I'm concerned about the cat food as the formulation for cats is very different than what is appropriate, or safe, for a puppy. I would recommend putting the cat food in a place that is impossible for the puppy to get to in the first place. I had this problem as I had an Aussie and two cats. One option is to have the cat's food on a raised area, out of reach of the puppy. Same for where we put the litter box… We got a hook latch for a door to a spare room. This way the door was open enough to let the cats in and out to access the litter box. This worked well once my Aussie, Levi, was bigger than the cats and couldn't fit through the opening.

Keep in mind that Skye is still very young and it is not likely that any of her behavior is willful disobedience to spite you. It's not that she is not listening, it is that she is not understanding what you are saying and using stern tones or even raising your voice will not help her learn. It may instead cause her to fear you. I would also recommend avoiding doing things like grabbing her by the scruff and pulling her away as well. It's more likely to invoke fear and damage your relationship with her.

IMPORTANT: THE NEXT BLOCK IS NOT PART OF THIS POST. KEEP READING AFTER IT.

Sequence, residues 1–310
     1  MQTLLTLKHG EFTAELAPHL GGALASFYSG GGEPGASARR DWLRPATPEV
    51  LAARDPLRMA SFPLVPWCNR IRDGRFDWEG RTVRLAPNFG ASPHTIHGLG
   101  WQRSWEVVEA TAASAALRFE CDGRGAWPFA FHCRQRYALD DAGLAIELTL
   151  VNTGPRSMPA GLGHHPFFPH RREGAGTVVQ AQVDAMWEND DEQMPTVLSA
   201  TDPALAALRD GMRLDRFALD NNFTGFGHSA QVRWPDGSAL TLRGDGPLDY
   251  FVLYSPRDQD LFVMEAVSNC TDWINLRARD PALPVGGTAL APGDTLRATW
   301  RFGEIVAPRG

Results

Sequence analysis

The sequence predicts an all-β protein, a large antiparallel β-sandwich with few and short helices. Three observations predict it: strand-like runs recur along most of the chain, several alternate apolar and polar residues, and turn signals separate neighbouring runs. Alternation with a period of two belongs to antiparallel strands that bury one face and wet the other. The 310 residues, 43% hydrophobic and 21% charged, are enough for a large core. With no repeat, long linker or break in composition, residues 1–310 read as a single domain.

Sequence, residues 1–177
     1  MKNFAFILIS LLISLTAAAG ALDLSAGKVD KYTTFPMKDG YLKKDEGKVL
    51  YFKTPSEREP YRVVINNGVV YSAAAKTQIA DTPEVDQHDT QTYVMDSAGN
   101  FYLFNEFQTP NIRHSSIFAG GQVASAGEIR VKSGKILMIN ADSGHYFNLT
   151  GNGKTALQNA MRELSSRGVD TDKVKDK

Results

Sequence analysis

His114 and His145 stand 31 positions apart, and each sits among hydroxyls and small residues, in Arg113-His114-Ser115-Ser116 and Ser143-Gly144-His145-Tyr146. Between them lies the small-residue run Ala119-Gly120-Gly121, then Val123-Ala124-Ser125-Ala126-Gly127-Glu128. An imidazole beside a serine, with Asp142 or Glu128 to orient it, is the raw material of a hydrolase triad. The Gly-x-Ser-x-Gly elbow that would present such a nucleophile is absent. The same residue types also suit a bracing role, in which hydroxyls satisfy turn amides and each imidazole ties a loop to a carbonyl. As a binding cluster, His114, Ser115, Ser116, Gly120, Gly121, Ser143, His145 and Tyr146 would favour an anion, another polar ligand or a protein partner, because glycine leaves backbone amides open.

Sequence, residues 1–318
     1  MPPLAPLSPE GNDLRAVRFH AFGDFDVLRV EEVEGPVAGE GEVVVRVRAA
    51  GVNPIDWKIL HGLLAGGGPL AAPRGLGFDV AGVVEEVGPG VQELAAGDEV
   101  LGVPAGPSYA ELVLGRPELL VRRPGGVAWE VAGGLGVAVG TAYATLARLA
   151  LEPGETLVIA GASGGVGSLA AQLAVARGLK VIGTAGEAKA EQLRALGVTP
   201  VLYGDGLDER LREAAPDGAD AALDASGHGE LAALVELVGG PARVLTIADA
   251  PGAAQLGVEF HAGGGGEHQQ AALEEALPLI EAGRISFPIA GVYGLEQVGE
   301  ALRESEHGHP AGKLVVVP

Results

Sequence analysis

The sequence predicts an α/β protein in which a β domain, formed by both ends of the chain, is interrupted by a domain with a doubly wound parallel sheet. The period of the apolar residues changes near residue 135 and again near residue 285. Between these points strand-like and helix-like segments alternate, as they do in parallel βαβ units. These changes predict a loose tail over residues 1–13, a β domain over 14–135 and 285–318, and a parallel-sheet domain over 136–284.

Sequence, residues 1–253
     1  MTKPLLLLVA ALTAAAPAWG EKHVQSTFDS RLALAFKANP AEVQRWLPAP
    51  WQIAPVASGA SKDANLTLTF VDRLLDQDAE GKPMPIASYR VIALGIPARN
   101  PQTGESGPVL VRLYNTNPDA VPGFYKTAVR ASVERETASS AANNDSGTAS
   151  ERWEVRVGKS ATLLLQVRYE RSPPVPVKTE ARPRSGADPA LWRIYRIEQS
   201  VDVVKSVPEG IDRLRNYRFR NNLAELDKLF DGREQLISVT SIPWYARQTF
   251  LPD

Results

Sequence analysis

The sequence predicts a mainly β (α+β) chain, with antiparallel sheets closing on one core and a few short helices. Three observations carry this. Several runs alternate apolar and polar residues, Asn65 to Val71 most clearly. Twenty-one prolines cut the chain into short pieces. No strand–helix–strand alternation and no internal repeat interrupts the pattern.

If she did not want her food, make sure you are offering her high quality food that is designed specifically for puppies. There are things to be aware of related to feeding frequency, amounts, and whether to leave the food out.

As far as the "come" command goes, she is much too young to have mastered it along with a consistent recall. You said that "she would rather dig in the garden or eat poop than come to me." The trick is to get her to WANT to come to you. But how? You have to motivate her to want to come to you with rewards. Treat rewards. Rewards of praise and play. She has to associate coming to you with good things.